Since the 1970 AFL/NFL merger, football has become the most popular sport in the United States. You don’t have to go far to find a die-hard football fan, and odds are you have a favorite team of your own. But your favorite team didn’t always look like it does today. The NFL’s throwback uniforms prove that, and so do the following logos I deem as the best professional football has ever seen.
The Oakland Raiders played in the AFL from 1960 until the merger, and their logo hasn’t changed all that much in terms of concept. I love the comparison between the Oakland Raiders logo then and now – it’s history you can see as the game transitioned from soft leather helmets to hard helmets.
This was the original 49ers logo from 1946 to 1967. I don’t know why they didn’t keep it!
The Steelers used this logo of a steelworker kicking a football from 1960 to 1968.
This wasn’t the first logo for one of the sport’s oldest franchises, but it’s my favorite. The Bears had it from ‘54 to ‘73.
If you’ve been an NFL fan for a long time, you probably remember this old-school Eagles logo, circa 1987.
From 1950 until 1969, the Browns’ logo was an elf-like creature called a Brownie.
The Bengals used this running tiger logo in 1968 and 1969.
This was the Lions’ logo from 1961 to 1969. Almost looks like it should be on the hood of a car, doesn’t it?
While the other logos listed so far have been teams' primary logos, this is an alternate Vikings logo introduced in 1998.
This Falcons logo, employed by the team from ‘66 to ‘89, was ahead of its time. The team’s contemporary logo is more a less a modern version of the same.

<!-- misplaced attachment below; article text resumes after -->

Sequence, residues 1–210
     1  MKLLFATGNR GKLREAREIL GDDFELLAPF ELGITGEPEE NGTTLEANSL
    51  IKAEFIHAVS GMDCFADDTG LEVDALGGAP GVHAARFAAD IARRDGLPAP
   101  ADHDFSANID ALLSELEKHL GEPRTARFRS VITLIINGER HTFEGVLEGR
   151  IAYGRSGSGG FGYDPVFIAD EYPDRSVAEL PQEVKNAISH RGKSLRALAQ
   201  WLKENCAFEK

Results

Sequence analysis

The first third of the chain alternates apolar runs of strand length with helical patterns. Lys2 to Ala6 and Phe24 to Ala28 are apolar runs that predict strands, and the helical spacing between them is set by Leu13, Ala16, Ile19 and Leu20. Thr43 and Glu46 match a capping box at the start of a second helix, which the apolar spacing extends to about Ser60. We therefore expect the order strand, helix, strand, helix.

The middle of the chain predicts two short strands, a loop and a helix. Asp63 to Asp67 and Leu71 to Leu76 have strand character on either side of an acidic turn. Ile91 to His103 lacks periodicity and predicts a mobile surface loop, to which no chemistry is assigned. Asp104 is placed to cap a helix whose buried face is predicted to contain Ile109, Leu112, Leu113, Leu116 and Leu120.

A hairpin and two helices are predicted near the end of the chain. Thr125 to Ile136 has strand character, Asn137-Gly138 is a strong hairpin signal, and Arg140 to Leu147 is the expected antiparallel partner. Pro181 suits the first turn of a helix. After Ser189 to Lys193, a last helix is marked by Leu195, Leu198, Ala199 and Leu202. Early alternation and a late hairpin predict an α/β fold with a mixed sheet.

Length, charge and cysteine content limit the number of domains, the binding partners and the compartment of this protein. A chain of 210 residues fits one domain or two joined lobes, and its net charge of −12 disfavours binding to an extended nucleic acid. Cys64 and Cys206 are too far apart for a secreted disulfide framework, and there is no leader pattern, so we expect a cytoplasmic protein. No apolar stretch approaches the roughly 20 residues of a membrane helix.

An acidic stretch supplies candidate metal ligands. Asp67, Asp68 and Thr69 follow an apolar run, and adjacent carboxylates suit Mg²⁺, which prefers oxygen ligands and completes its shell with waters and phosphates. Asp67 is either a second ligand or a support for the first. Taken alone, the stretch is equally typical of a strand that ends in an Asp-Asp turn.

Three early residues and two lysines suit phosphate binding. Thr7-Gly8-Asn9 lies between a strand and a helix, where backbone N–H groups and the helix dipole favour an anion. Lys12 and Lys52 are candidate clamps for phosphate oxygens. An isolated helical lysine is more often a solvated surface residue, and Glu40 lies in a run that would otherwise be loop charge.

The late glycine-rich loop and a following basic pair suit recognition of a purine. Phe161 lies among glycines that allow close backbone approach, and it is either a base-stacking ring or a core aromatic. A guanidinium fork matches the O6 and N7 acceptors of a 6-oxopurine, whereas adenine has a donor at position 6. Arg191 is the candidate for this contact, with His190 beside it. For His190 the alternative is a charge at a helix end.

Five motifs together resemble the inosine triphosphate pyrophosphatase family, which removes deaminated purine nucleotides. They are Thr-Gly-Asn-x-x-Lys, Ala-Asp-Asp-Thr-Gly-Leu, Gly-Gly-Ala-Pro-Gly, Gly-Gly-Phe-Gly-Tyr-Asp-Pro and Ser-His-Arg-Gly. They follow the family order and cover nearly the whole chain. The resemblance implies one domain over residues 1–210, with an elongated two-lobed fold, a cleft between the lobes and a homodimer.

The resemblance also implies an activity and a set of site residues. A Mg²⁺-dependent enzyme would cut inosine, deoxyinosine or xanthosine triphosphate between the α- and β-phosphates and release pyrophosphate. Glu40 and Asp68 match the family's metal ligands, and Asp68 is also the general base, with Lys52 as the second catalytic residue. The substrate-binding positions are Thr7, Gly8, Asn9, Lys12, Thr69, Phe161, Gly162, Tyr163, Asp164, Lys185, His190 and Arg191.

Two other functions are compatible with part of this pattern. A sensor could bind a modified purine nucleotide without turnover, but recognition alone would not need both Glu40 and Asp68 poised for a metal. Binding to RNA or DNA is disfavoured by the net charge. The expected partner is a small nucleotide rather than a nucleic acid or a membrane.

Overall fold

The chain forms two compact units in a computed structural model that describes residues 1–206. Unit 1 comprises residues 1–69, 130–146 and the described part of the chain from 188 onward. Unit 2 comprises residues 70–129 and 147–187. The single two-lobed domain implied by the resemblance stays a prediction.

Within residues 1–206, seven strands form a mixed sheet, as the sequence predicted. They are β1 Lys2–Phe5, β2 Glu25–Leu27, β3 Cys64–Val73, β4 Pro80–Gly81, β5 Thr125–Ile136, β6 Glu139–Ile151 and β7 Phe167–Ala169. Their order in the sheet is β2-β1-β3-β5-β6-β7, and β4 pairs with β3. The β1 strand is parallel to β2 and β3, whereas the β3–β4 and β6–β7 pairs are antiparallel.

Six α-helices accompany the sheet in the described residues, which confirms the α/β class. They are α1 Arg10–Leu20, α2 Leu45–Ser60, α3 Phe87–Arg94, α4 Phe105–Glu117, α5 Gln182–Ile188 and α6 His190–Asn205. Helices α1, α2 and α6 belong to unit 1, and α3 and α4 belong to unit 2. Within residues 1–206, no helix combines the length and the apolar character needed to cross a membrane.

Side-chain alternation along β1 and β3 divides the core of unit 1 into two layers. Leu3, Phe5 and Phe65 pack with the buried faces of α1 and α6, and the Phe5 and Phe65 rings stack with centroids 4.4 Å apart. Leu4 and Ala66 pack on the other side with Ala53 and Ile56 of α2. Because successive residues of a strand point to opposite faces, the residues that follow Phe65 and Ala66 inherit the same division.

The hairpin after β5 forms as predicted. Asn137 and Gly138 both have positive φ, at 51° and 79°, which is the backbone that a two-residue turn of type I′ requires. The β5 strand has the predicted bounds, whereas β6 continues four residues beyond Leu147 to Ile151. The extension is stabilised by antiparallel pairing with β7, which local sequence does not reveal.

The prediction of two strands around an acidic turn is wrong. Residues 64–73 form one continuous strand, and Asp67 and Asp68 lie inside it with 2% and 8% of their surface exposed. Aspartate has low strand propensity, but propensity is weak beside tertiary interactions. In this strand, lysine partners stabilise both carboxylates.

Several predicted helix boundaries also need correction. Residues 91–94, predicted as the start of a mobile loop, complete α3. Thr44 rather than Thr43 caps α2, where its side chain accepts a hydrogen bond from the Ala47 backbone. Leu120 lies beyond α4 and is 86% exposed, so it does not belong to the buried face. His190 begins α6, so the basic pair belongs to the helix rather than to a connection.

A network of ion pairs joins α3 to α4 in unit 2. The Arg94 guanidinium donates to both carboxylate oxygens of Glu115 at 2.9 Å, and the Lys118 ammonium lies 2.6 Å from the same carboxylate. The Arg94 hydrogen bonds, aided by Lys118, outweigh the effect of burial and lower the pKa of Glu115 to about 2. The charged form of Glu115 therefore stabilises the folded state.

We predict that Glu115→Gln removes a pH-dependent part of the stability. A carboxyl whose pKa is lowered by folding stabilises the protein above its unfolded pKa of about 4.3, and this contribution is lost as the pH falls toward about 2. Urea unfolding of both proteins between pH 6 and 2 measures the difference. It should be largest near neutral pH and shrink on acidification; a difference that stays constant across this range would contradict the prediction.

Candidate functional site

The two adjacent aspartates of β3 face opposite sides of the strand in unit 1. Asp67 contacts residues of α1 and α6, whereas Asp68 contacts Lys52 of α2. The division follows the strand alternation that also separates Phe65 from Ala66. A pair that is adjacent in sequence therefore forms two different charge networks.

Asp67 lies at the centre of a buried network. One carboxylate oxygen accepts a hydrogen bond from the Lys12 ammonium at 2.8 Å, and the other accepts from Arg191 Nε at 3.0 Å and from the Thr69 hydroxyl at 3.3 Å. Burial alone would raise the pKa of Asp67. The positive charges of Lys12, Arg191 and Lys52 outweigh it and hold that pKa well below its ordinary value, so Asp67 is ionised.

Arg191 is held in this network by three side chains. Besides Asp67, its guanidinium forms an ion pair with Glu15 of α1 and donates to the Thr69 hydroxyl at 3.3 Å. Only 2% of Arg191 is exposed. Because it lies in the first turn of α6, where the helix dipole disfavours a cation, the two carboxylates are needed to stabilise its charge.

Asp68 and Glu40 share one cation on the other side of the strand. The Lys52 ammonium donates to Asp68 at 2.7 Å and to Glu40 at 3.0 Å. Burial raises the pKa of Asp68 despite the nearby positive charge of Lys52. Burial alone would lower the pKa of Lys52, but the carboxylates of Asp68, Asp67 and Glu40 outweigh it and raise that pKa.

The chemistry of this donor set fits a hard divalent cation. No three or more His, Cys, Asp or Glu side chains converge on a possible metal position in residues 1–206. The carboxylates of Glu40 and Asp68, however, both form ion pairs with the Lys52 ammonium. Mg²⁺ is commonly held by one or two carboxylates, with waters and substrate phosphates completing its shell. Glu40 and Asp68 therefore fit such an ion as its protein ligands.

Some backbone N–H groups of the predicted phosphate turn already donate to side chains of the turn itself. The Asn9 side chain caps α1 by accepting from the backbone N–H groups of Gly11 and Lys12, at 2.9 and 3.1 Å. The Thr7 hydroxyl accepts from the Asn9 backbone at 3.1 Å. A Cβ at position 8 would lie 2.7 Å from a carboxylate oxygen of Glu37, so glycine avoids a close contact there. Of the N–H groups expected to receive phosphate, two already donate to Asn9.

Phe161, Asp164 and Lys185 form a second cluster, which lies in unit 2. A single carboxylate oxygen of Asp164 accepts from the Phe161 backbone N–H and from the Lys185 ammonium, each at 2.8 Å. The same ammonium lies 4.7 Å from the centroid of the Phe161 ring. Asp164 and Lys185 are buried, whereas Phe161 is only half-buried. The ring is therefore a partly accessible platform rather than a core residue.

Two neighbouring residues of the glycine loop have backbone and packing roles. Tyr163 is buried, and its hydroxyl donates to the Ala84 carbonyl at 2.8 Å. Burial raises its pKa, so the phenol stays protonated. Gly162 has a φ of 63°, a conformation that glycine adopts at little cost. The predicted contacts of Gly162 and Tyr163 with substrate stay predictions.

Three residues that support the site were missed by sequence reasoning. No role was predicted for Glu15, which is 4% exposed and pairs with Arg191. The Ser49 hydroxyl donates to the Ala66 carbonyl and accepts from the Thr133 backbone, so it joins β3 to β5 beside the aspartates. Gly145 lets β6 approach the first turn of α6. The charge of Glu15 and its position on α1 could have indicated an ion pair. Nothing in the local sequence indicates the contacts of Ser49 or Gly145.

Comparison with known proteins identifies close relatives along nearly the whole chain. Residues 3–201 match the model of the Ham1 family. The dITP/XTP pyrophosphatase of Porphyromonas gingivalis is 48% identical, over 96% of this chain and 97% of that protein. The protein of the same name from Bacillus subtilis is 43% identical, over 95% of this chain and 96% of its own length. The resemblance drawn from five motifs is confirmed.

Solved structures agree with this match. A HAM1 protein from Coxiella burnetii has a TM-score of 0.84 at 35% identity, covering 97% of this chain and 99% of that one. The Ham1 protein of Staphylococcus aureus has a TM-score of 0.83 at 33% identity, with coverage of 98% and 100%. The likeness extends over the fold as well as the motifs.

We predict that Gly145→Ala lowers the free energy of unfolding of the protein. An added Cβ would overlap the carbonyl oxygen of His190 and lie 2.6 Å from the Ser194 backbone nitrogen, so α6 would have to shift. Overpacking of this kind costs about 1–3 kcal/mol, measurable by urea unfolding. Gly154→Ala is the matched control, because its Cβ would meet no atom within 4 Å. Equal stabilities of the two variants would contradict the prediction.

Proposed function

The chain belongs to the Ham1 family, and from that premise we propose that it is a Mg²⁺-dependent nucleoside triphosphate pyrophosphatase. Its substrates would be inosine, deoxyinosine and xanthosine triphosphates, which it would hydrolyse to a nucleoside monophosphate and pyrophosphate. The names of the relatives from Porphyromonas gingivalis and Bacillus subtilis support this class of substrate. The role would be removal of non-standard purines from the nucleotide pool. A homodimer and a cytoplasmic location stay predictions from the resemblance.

The modern Saints logo is reminiscent of the old, given the fleur-de-lis centerpiece.
From 1976 until 1996, the Bucs donned this swashbuckling logo.
The Bills still feature a buffalo, but their logo today is more exciting than this one used from 1970 to 1973.
The Pats have featured this logo, originally used from 1971 until 1992, on their throwback uniforms.
This is my favorite Jets logo, used by the team in 1963.
The sleek and square logo was employed by the Giants in 1975.
Before they used a feathered Indian head, the Redskins employed an arrowhead from ‘65 to ‘69.
The Broncos used this logo featuring a football player riding a bronco from 1962 until 1967.
From 1963 until 1969, the Chiefs’ logo featured a chieftain running a warpath through Missouri.
Even though I’m not a big fan of shield logos, I love this Chargers logo used from ‘61 to ‘73.
This is one seriously wicked logo, used as an alternate for the Seahawks in 2002.
Before the Rams were in St. Louis, they were in Los Angeles. And this was their logo from 1973 to 1980.
The Ravens don’t have a storied history spanning many decades, but they do have some colorful logos. Case in point: This striking 1999 alternate.
The Packers employed this logo from 1951 to 1955.
That’s right, the Oilers. Before the Texans claimed Houston, the Oilers called it home. This was their logo from 1980 through 1996.
The Colts used to be in Baltimore (Johnny Unitas!), and this was their logo from ‘61 to ‘78.
The Jags don’t have a long history of logos, but this alternate introduced in 1999 is pretty cool.
This 1999 alternate lends the Titans a decidedly different look.
This Panthers alternate logo is one of my all-time favorites; it was employed from 1995 through 2011.
The Dolphins’ logo hasn’t changed much in concept through the decades, but this unused helmet concept from 1997 shows what might have been.
Like some other teams, the Cardinals have had little variation in their logos. This one was introduced in 1988.
The Cowboys have featured a star logo for more than 50 years, but they still experimented with this alternate from 1960 to 1970.
Often regarded as the first professional football team, the defunct Canton Bulldogs can be remembered at the Hall of Fame in Canton. The Bulldogs never played in the NFL, but it’s still cool to look back on their 1922 logo. Want to see more vintage, alternate, and contemporary NFL and professional football logos? Check out Chris Creamer’s Sports Logos. About the Author:
|Brian Morris serves in various capacities as a freelance writer, content developer and public relations specialist for growing small businesses. His previous roles included managing editor for a hometown newspaper and club bartender for a group of quasi-alcoholics. When he’s not writing, he’s usually counting lost follicles and wondering what he ever did with his time before his two children were born.|